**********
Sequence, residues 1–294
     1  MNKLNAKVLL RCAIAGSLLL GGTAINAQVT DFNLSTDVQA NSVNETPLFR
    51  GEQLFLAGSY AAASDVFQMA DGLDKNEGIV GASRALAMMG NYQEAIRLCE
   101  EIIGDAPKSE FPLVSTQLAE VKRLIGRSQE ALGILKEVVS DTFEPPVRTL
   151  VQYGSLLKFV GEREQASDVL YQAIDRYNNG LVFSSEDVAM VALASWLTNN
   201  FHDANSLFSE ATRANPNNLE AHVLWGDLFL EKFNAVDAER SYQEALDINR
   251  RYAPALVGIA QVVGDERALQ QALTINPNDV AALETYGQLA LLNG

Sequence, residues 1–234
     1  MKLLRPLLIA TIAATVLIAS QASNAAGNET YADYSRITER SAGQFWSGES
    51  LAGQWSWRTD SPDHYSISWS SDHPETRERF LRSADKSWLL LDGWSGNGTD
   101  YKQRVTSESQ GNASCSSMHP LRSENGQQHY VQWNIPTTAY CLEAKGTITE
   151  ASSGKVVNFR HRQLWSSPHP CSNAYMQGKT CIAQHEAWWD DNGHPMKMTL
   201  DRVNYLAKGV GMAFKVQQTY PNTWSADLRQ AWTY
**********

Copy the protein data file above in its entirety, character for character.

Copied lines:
Sequence, residues 1–294
     1  MNKLNAKVLL RCAIAGSLLL GGTAINAQVT DFNLSTDVQA NSVNETPLFR
    51  GEQLFLAGSY AAASDVFQMA DGLDKNEGIV GASRALAMMG NYQEAIRLCE
   101  EIIGDAPKSE FPLVSTQLAE VKRLIGRSQE ALGILKEVVS DTFEPPVRTL
   151  VQYGSLLKFV GEREQASDVL YQAIDRYNNG LVFSSEDVAM VALASWLTNN
   201  FHDANSLFSE ATRANPNNLE AHVLWGDLFL EKFNAVDAER SYQEALDINR
   251  RYAPALVGIA QVVGDERALQ QALTINPNDV AALETYGQLA LLNG

Sequence, residues 1–234
     1  MKLLRPLLIA TIAATVLIAS QASNAAGNET YADYSRITER SAGQFWSGES
    51  LAGQWSWRTD SPDHYSISWS SDHPETRERF LRSADKSWLL LDGWSGNGTD
   101  YKQRVTSESQ GNASCSSMHP LRSENGQQHY VQWNIPTTAY CLEAKGTITE
   151  ASSGKVVNFR HRQLWSSPHP CSNAYMQGKT CIAQHEAWWD DNGHPMKMTL
   201  DRVNYLAKGV GMAFKVQQTY PNTWSADLRQ AWTY